Written by Josie Theodora Garcia. One in a collection by Allen Bachoroski, Local Historical Writer and author of “Tales Along the Highway of Legends”
Josie was born in Engleville, Co. on Dec. 20, 1920, to Apolinar Vera and (Della) Maria Delfina Dominguez, and was christened Theodora Aurelia. It is unknown how she became to be called Josie. She was the second child and the oldest daughter, Ben being the oldest (deceased), followed by Antionette, Minnie, Ruby, and Vincent. The family lived in Morley, where she attended school till mid 8th grade, then made the move to Trinidad. Here she completed the 8th at Rice school.
She still marvels at how well her parents provided for their six children during the depression years, though little help was given families. She recalls taking a five pound bucket and walking to the YMCA where milk was given each morning. Her father worked a couple days a week in the mine, but he raised rabbits, occasionally a pig, and a garden. They made sausages and bacon all covered with salt to preserve it. The sausages buried in lard. Despite the hard times, she never went hungry or did without shoes or clothes.
Sometimes they were given a sheep or goat by her aunt Frances and Uncle Cayetano who owned a sheep ranch. There was no refrigeration, but somehow food never spoiled. She never felt poor, because everyone in camp was in the same position. Water was brought into the home from an outside faucet, in a bucket and a dipper was placed inside for drinking. Bath water was heated on a coal stove, also for laundry. The “privy” was outside, which usually got turned over on Halloween.
She and her siblings were very inventive in their play, finding ways to amuse themselves and making their toys. They would use discarded baby buggies, hook them together, and ride them recklessly down a hill. Fortunately no broken bones, as they usually turned over. Ben would make stilts from wood, some short some tall, and home made scooters. Out of strong, rigid wire a rod with a book was fashioned and used to push a wheel around. Tin cans were forced on shoes and clumped around on these. Fond memories are recalled of a swing someone had attached to a very large tree, made of a single metal cable with a hoop on one end. This cable would carry the swinger way out over Raton Creek.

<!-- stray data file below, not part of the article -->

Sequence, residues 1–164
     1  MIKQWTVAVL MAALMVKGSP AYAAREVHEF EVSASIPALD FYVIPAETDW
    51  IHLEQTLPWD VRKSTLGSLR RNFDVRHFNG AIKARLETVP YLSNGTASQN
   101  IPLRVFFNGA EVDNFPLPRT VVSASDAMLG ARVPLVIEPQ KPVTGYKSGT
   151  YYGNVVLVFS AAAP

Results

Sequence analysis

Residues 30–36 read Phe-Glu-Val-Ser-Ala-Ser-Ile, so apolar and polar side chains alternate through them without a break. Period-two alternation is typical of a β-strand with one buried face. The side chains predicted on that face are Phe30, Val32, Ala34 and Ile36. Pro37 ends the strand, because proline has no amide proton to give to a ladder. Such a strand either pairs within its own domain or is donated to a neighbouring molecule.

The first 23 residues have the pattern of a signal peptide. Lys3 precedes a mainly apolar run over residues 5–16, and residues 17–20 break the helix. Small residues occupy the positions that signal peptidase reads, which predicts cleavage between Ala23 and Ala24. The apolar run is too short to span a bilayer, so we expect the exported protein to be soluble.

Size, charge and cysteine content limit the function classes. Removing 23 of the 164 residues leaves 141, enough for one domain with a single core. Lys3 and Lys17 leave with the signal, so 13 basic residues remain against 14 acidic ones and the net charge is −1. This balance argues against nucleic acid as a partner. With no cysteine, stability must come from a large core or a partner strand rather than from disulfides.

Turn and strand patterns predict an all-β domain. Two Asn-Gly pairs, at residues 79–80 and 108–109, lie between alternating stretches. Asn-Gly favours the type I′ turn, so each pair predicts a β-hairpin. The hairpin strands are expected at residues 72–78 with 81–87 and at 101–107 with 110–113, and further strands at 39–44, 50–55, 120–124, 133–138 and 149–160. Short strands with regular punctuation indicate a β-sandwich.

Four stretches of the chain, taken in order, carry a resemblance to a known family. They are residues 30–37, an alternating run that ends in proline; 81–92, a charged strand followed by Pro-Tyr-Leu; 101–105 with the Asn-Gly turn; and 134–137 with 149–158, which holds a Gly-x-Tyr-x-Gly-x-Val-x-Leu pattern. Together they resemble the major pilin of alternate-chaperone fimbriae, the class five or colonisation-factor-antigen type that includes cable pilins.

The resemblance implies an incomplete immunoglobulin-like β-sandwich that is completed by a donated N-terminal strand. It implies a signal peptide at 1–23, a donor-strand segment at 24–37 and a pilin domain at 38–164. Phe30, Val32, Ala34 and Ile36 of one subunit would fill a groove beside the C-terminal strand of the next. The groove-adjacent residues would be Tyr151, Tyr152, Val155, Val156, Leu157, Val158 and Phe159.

In the winter a coal shovel or card board improvised for a sled, often water was poured on the hill to make it icy for sledding. This was also the time for jello as the bowl with unjelled jello was imbedded in the snow. In the spring or summer evenings “hide and seek”, “run sheep run”, kick the can”, “Red Rover, Red Rover” and other games were played. Baseball and marbles were also popular with boys, while girls liked to play with paperdolls, school or house. The little money that was available went for essentials and attempts to get out of debt at the company store. After the work seemed to improve, her mother became the proud owner of her first washing machine, A Faultless-wringer. What a blessing on wash day.
After moving to Trinidad, Co. and attending high school and Junior college, graduating in 1941, she married Mike A. Garcia from Aguilar (Father-Waldo Garcia, Mother-Elvira Falsetta). She taught school in Engleville and Barela, both were single teacher schools. In 1943 California beckoned, after her husband’s release from the army service. Both found employment with the Federal Government and made their home in El Cajon which is out of San Diego. A daughter Vera-Eileen was born to them on Jan. 28, 1946 and a son Michael Paul in Aug. 7, 1948. At 18 Eileen married Earl Clinton Perkins producing a son, (Todd) Earl C. Perkins III. Her second husband, Bill Schwarberg, died of a heart attack. She is accounts manager for the San Diego Union and Tribune newspapers.
Michael married Cheryl Berwald Jan. 30, 1970 and had 3 daughters: Rachel, Andrea, and Michelle. He is employed at the Naval Air Station in San Diego as Branch Manager for computers. He and his family returned from Spain (1986) after a year working with the Spanish Air Force. He was sent there to program parts for the F-18’s which the Spanish were getting from the U.S., including the computers. They enjoyed their stay in Spain and meeting relatives and had amusing and not so funny experiences. Josie and Mike have a summer home in Valdez, Co., where she teaches oil painting. Her love of painting blossomed after her retirement in 1972. Her love of travel has taken her numerous times to Europe, especially Spain where she has many relatives–from Madrid to the French border.
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